-They have a 50 person dedicated team at Ubisoft Quebec making the tablet companion apps.
-They want both experiences (console and companion app) to feel fun and complete when played alone. This is an especially large concern for the tablet apps since they're often afterthoughts.
-They think the tablet apps will be more accessible to people who aren't as comfortable with a controller or maybe don't even have a console.
-They see this as the future of gaming (even at the CEO level) and thus it will be in most of their projects going forward.
-Currently they're focusing on PS4/XB1 with this, but will consider the Wii U if it makes sense. They said working on AC3's Wii U features was a big help in learning how to do this though.
-They feel that tablets are catching up to consoles pretty quickly so it will help them make companion apps easier as tablets can support next-gen engines.
Originally Posted by GamesIndustry.biz
At an earlier interview with Ubisoft chief executive officer Yves Guillemot, GamesIndustry International had a chance to ask him about the company's second-screen experiment.
"I'm convinced it's the future," Guillemot told us. "What I like in second-screen play is its accessibility, which means different types of people can play. Those who don't know how to play with the [controller] or don't like to play with it can use touch. So that's the first good element."
"The second one is it gives you an opportunity to play from outside the home with your friends who are playing from their homes. So I'm in an airport, and I can play with my friends using my iPad if I have a good connection. We think this is going to open lots of new possibilities to the industry, and to the type of gameplay that can occur."
The publisher decided that for its next-generation second-screen effort to work, most of the work needed to be done at a single studio with the right expertise. That studio is Ubisoft Quebec, who's handling the second-screen apps for Assassin's Creed IV: Black Flag, Watch Dogs, and The Division. We spoke with Ubisoft managing director Nicolas Rioux about the studio's new drive.
"In the last three years, we had this vision in mind," said Rioux. "The vision of the studio is to be a leader in the creation of mobile, online, and connected universes. For The Division, we were involved from the beginning of the project. This is really our key for success, for our team to be involved with the design team on the console project. If you want to have success with this kind of experience, you must be there early."
"The way we see it, it really gives the players the choice and opportunity to have a great experience when you want, where you want, at the time you want, on the device you want. For us it's a great feature, it's a must-have for the new generation of consoles," added Rioux.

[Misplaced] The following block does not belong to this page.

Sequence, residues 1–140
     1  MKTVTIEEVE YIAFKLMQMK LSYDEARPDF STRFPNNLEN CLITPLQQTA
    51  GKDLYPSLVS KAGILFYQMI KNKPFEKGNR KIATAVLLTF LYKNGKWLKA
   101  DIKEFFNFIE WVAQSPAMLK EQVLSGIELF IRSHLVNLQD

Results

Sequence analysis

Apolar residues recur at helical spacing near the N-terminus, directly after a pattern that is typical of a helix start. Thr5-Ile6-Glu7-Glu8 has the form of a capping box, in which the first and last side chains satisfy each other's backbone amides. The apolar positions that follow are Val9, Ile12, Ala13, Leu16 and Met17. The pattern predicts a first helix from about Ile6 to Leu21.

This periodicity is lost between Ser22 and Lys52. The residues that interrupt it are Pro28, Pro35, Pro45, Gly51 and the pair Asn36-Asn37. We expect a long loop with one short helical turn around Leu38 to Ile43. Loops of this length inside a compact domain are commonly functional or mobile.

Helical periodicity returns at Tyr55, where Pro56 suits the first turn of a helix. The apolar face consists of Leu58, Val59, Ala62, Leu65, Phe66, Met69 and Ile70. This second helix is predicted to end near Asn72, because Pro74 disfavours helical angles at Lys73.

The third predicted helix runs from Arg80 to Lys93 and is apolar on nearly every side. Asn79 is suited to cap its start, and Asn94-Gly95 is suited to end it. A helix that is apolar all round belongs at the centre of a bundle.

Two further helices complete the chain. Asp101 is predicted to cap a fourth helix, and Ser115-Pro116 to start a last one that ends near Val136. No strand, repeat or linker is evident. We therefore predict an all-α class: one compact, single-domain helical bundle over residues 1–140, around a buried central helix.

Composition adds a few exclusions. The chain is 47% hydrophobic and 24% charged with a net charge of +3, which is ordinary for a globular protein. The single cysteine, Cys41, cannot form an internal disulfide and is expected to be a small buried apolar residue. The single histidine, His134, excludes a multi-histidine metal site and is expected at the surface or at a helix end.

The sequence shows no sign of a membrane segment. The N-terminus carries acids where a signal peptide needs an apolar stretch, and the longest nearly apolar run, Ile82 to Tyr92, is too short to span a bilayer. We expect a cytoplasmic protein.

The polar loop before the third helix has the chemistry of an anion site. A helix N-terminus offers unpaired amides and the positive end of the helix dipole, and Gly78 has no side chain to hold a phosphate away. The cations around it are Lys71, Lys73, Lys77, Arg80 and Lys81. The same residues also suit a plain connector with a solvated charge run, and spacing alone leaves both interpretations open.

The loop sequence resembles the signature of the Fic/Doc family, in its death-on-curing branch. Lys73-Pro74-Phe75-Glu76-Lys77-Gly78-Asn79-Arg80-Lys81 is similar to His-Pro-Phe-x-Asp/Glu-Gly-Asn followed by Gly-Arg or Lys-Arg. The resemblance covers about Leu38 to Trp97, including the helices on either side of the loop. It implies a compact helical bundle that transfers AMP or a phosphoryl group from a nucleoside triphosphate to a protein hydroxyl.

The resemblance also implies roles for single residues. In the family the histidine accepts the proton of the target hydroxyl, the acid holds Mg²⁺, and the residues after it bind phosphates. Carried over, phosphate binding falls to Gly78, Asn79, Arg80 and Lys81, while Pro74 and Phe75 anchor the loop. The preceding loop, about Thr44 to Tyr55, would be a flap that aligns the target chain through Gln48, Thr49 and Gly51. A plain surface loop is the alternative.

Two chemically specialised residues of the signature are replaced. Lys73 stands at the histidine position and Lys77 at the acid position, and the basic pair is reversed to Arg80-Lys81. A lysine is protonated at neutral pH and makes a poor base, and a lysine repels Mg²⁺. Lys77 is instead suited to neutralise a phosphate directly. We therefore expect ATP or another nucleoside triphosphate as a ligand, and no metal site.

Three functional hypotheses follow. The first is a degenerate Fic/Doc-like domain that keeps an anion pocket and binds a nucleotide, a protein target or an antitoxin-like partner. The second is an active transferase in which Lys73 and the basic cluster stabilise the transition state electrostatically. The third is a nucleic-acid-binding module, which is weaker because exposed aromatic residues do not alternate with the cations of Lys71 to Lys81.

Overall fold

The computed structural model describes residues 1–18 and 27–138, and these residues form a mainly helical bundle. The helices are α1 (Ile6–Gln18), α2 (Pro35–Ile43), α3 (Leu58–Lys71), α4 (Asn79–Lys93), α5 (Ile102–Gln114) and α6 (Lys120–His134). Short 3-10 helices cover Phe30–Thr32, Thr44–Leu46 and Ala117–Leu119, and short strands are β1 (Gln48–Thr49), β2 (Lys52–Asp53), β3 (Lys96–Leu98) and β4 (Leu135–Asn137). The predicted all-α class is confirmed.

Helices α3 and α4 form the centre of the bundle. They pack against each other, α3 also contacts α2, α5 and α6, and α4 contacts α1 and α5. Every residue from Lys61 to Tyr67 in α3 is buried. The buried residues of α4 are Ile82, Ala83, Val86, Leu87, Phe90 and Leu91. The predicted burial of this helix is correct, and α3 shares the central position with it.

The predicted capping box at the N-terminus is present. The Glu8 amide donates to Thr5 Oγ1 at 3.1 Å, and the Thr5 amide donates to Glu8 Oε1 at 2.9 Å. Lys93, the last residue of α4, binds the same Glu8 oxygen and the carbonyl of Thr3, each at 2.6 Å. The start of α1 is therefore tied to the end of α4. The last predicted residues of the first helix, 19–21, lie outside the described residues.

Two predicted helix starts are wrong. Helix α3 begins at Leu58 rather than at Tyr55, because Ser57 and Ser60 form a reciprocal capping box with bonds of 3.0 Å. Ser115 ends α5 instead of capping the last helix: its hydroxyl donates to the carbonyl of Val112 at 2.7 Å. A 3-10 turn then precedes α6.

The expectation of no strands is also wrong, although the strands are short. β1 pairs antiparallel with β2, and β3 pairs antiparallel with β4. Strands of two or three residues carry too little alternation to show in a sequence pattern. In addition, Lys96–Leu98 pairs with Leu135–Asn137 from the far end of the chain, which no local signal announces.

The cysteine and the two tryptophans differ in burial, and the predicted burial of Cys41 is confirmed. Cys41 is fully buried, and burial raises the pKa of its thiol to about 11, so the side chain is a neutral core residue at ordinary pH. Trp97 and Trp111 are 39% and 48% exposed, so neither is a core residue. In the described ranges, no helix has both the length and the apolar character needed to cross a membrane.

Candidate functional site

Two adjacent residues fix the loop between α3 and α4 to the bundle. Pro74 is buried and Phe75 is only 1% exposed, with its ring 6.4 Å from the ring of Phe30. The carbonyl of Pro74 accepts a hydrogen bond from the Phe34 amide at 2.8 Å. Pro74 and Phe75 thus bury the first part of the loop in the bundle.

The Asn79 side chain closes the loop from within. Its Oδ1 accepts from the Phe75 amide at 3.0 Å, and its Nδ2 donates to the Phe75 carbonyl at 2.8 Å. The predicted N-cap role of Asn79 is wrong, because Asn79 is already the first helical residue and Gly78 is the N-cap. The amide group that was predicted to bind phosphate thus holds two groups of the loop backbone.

"Some features and gameplay in these apps can provide you with a standalone experience. We believe in the benefits of connecting mobile players with console players in the same universe. It's really where we innovate, with this new generation of mobile applications connected with the console experience. We always mention second-screen, but we need to have in mind that for a lot of people, the games on tablets will be their first screen."
You don't need either the tablet or console part to have a full experience," he added. "For the person playing on the tablet, maybe for him that game is more accessible. Honestly, we give the players new opportunities. It's not a big issue for console players to play the tablet version to have a more complete experience. I'm a console player and a gamer on tablets; for me to have these new possibilities is not a constraint."
"With Assassin's Creed III, we were involved on the Wii U version. The Wii U was kind of the pioneer of the connected tablet interface. This gave us some ideas for the first iteration of tablets connected with console games," said Rioux.
Unfortunately, while the Wii U was the beginning, Ubisoft Quebec's current focus is creating a cohesive experience between the Xbox One/PlayStation 4 and mobile devices. The studio is not committed to bringing some of these new experiences to the Wii U platform.
"It's not confirmed yet, but if it's possible to do it and it makes sense, yes we will provide some kind of experience on the Wii U. Our focus is on the new generation of Microsoft and Sony consoles," explained Rioux.
"I expect maybe in three or four years from now to be able to have mostly the same engine running on tablet and the main console. On The Division, we are using the same assets on the console and the tablets. In the future, it will be easier for us to provide this kind of experience," he said.
And here's an example of one of the tablet apps: